Surviving an attack in which his bodyguard died, the judge offers to care for his two children. The country is struck by such generosity since the judge is Tamil and the security officer was Buddhist. At the funeral, the judge knelt in front of the widow.
Colombo (Asia News) – A Tamil High Court judge has decided to care for the two children of his slain Sinhalese bodyguard.
"As of today, I have four children. I am committed to taking full responsibility for these other two children until my death," said Manickavasagar Illancheliyan at the funeral of Sarath Hemachandra, who died in the line of duty. For some Sinhalese and Tamil activists, this is a true example of peace and reconciliation for the country.
On Saturday 22 July, around 5 pm, a gunman fired at the judge near Jaffna Nallure Kovil, but hit the police officer in charge of his security, Sergeant Sarath Hemachandra, a Sinhalese and a Buddhist, married with two children who later died in hospital from the injuries he sustained.
"I have two children, but from now on I will also care for Hemachnadra's daughter and son," Judge Illancheliyan said. "I will look after these two children as my own children, and not only will I give them the same education, but in the future, I will provide for their marriage," he added.
Hemachandra was his bodyguard for almost 17 years. At the funeral, the judge knelt in front of the widow.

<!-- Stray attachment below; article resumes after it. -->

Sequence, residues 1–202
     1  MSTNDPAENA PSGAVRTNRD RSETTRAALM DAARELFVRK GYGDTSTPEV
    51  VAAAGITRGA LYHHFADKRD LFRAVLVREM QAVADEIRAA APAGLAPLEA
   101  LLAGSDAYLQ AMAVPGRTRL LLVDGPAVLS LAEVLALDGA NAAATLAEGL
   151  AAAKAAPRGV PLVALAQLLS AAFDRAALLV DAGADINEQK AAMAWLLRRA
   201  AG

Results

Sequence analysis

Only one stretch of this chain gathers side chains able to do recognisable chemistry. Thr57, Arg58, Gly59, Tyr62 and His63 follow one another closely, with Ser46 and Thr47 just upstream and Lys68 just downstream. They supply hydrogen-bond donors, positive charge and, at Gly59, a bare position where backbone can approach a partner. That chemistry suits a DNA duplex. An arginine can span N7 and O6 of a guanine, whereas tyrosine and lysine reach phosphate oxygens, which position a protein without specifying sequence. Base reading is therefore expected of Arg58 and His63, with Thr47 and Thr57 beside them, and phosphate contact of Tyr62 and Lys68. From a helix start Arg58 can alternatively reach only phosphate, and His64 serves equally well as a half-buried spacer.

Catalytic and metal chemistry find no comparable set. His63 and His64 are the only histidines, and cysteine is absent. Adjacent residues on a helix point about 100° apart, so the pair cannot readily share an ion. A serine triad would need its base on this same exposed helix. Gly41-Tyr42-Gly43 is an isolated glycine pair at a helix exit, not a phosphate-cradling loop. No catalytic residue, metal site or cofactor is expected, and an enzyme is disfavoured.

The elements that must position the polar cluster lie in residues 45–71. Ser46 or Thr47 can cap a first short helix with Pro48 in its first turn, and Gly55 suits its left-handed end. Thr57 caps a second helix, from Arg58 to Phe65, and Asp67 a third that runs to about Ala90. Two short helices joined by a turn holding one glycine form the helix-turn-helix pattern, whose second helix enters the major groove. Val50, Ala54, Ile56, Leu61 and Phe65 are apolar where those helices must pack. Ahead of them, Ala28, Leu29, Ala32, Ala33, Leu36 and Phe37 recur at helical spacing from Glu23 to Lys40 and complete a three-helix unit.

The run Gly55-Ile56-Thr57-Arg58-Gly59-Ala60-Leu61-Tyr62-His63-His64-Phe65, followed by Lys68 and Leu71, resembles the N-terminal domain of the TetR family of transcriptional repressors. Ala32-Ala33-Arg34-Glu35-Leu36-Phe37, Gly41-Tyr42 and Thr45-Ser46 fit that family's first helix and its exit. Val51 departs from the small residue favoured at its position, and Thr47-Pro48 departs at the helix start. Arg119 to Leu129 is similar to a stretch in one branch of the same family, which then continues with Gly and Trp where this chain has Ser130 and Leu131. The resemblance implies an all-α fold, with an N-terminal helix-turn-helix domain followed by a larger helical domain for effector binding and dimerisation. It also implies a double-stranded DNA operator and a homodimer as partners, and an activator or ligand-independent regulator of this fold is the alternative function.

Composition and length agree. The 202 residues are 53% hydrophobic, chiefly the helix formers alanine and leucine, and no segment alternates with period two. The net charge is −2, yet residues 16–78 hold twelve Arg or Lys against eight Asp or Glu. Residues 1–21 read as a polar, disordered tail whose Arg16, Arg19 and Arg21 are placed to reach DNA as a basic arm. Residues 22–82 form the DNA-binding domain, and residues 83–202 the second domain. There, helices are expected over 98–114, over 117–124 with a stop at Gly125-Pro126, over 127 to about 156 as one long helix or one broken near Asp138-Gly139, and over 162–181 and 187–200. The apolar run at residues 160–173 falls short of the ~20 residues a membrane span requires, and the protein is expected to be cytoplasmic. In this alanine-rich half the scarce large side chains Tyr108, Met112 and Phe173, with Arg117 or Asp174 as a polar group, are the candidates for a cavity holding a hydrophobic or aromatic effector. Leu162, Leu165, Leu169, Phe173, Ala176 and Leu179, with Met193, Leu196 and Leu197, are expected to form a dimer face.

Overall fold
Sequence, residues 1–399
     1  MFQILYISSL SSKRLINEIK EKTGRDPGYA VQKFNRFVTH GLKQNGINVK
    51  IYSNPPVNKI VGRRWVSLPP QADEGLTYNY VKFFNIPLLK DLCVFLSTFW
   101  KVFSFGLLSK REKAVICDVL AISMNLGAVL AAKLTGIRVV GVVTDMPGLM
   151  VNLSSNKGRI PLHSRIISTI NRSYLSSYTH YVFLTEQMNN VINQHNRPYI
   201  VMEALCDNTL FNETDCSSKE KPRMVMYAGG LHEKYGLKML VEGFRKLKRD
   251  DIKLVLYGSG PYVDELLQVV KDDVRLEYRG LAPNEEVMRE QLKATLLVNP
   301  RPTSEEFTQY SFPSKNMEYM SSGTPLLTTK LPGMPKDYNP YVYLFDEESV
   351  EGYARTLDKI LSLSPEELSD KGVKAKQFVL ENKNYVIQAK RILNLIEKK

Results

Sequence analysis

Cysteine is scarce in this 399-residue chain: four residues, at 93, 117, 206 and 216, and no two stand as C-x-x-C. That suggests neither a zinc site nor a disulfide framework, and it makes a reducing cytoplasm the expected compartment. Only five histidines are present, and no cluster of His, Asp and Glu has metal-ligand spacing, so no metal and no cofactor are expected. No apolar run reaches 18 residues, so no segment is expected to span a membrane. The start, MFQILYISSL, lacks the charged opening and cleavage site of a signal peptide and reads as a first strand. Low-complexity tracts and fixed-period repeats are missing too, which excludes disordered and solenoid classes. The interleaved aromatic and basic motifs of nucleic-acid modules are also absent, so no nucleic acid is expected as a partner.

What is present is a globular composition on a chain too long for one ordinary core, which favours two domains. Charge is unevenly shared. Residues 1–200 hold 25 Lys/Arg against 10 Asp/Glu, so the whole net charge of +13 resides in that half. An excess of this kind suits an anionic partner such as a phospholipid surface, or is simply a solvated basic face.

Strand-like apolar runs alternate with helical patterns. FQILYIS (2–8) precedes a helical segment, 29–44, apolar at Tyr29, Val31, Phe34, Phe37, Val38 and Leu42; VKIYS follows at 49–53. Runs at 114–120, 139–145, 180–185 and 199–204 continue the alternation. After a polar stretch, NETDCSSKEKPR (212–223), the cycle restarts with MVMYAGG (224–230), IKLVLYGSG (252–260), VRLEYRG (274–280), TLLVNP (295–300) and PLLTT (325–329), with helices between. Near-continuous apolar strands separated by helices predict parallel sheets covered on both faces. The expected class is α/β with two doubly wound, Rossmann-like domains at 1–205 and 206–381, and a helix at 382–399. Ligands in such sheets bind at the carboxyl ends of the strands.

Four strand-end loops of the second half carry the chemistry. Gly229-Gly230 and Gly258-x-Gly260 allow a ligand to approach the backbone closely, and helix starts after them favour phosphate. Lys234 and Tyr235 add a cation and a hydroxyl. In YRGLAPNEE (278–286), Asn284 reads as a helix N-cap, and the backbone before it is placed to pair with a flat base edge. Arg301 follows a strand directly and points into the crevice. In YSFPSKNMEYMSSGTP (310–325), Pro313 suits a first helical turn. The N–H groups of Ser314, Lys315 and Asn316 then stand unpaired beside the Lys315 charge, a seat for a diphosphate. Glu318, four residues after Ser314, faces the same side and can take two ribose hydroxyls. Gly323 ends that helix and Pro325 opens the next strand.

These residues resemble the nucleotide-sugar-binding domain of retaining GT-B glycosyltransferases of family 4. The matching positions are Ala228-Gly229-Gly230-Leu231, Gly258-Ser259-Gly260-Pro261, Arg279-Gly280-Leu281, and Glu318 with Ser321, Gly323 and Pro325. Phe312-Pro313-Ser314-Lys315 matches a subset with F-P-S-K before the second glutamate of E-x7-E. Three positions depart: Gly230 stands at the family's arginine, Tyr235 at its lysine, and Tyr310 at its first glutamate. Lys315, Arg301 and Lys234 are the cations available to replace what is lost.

Contacted by AsiaNews, some Sinhalese and Tamil human rights activists noted that the judge’s action is a true example of peace and reconciliation for Sri Lanka. Because he is a Hindu Tamil and his bodyguard was a Buddhist Sinhalese.
"I am speechless,’ said S. Swarnamalitha Peramunagama, a student at the University of Ruhuna (Matara). “This means that for 17 years the judge treated his bodyguard not as n outsider, but as a brother,” he told AsiaNews. “Hence, he could take responsibility for his children. He did not look at race, religion or nationality, he did the right thing”.
Peramunagama, a Sinhalese Buddhist, said that when he arrived in Jaffna and Mannar for the first time in 2015 he was just 24, and scared of Tamils, from what media and politicians said about them.
"I was doing some research on fishermen. Some young Tamil helped me a lot. So I could see that they were not 'tigers' but human beings like us. Thanks to my research I recognised the deep humanity in that population. "
"Tamil’s humanity emerged here with the total acceptance of these two Sinhalese Buddhist children, a great example," he added.
Anthony Jesudasan, a Tamil Catholic human rights activist, said that the act of kneeling in front of the widow “for some people might be opportunistic".
"The judge could have asked for state compensation to the bodyguard’s bereaved family. Instead, he put himself on the line," he explained.
In fact, his action "is a very, very honest and great deed towards the person who saved his life. He sent society a strong message if only Tamils and Sinhalese want to seize it."